Elizabeth Knox’s The Absolute Book begins with a description of the novel in Beatrice Cornick’s bag on the day she was murdered: a conspiracy thriller of the Da Vinci Code variety, treasured because Beatrice loved to read stories set in museums and libraries. The presence of such a book is a talisman—it describes the genre and action of The Absolute Book itself and, more vitally, gestures to the role of libraries in our cultural imagination. Places of wonder and hidden treasures that can change the world, libraries, museums, and archives are fraught, politicized, and dangerous things. Taryn Cornick, Beatrice’s sister and the novel’s protagonist, knows this better than anyone.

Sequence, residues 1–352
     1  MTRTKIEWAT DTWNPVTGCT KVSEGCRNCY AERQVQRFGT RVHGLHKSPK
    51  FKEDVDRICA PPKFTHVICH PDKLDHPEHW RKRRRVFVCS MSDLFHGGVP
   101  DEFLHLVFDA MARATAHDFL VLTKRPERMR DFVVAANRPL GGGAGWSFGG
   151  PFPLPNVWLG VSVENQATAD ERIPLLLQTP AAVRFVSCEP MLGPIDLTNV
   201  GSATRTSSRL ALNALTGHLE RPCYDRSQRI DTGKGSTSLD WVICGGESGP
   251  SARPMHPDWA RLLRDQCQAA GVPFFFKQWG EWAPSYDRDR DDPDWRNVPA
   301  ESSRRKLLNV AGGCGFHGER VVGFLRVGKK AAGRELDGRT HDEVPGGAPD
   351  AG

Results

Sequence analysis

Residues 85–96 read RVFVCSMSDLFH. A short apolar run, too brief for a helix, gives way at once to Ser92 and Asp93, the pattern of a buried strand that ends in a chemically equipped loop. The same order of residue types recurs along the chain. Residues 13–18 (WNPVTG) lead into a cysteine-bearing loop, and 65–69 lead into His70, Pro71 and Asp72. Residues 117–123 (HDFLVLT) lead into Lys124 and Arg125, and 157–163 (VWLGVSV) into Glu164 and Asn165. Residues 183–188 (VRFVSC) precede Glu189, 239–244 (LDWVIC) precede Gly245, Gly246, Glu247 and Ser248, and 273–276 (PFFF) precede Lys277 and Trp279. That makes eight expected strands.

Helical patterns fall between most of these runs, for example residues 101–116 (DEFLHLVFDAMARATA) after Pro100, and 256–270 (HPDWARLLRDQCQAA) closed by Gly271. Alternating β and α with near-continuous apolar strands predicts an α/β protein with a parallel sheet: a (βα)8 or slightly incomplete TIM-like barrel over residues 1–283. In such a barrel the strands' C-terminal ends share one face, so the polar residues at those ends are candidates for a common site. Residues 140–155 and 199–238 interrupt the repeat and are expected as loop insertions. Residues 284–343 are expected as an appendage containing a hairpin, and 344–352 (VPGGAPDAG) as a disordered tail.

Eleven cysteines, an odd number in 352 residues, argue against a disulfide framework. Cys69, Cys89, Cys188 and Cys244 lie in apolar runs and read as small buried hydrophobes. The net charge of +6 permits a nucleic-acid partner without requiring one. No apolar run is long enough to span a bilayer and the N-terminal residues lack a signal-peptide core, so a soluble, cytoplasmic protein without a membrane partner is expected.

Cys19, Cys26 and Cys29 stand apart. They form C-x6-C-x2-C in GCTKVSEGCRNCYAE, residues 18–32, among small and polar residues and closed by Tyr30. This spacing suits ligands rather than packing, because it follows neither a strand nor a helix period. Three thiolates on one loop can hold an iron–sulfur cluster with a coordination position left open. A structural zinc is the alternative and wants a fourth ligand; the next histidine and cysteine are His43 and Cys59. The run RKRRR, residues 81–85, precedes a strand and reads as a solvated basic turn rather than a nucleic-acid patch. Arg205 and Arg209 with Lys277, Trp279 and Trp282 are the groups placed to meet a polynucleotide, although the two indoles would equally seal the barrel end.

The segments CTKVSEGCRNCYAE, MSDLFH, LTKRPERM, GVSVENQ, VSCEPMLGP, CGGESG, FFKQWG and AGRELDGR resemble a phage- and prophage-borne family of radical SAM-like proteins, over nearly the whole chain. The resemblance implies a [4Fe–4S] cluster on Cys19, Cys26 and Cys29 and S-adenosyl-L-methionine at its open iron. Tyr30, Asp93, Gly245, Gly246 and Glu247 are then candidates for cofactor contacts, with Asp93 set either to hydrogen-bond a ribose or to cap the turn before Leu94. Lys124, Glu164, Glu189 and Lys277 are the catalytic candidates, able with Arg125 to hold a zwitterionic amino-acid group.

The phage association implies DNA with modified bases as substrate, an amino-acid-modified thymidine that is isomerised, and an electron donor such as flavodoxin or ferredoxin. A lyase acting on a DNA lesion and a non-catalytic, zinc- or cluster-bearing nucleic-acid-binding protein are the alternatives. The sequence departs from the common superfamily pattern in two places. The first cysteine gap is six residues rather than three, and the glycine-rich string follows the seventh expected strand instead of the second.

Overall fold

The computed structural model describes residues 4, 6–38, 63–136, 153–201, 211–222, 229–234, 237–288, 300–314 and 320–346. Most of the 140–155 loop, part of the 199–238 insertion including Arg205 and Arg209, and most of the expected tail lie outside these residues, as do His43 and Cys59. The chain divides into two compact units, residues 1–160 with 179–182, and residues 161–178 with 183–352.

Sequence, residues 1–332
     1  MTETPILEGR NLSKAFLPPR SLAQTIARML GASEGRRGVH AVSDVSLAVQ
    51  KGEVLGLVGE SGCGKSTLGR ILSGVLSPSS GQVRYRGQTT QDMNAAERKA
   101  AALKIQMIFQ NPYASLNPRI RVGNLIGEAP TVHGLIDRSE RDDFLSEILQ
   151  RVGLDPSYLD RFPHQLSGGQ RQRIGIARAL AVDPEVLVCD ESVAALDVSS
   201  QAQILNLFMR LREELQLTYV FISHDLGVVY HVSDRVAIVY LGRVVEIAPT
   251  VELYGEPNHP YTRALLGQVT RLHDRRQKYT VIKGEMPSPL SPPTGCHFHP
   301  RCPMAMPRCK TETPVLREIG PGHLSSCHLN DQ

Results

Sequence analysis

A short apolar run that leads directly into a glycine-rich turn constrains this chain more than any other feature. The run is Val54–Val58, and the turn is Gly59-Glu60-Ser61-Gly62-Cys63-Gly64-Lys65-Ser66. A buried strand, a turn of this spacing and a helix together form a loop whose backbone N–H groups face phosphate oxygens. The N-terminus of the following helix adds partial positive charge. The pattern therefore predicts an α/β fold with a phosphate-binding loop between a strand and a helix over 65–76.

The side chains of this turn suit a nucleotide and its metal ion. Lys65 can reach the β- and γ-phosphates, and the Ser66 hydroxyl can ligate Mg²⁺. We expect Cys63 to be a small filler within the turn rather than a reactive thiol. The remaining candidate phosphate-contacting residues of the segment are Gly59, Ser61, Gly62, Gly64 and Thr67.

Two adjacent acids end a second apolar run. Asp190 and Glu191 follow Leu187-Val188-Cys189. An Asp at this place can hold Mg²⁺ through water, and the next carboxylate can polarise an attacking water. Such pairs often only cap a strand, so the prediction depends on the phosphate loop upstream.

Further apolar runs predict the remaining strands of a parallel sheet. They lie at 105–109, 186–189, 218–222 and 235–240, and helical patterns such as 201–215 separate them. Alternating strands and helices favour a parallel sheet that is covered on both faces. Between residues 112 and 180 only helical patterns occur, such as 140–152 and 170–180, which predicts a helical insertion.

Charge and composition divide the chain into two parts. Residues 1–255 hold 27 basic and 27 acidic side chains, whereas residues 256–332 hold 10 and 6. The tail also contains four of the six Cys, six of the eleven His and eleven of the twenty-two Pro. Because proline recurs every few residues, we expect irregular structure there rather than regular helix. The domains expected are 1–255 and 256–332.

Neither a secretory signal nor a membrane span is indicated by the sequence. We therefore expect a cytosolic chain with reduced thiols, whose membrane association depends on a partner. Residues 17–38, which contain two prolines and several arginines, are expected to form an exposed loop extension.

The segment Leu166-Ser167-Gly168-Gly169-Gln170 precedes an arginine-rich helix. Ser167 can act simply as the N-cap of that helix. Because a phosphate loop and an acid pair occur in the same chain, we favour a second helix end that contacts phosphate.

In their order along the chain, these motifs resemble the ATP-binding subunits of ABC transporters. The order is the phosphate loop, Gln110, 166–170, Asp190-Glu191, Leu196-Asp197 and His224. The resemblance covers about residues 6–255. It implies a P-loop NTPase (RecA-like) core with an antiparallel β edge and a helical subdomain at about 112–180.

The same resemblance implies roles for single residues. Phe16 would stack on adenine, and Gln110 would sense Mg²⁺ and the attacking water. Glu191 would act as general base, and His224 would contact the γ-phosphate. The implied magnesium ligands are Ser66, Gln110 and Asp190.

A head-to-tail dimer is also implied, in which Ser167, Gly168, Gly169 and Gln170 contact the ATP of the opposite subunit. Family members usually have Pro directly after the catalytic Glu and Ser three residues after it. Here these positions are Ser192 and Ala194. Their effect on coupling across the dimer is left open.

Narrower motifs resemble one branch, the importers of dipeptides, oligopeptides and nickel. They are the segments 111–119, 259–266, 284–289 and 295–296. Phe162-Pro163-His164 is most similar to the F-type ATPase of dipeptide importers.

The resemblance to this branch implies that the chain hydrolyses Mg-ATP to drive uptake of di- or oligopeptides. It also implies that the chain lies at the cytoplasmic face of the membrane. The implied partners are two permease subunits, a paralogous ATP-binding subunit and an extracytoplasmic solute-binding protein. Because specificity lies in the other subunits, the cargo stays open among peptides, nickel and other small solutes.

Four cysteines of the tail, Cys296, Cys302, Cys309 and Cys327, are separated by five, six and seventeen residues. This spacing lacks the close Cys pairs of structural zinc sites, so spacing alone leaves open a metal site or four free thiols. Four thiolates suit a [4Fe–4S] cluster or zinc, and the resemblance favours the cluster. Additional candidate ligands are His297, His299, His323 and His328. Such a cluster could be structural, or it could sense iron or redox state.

The Absolute Book has been heralded for its genre-defying depths, its twists and turns and satisfying lack of explanations. But what about the other books it contains? What about the volumes upon volumes of history and knowledge that lie hidden between its lines? When it’s not describing battles between demons and fae, or hired assassins, the police, and MI5, this 600-page tome has quite a lot to say about the archive. Whether it says quite enough in those 600 pages is another question.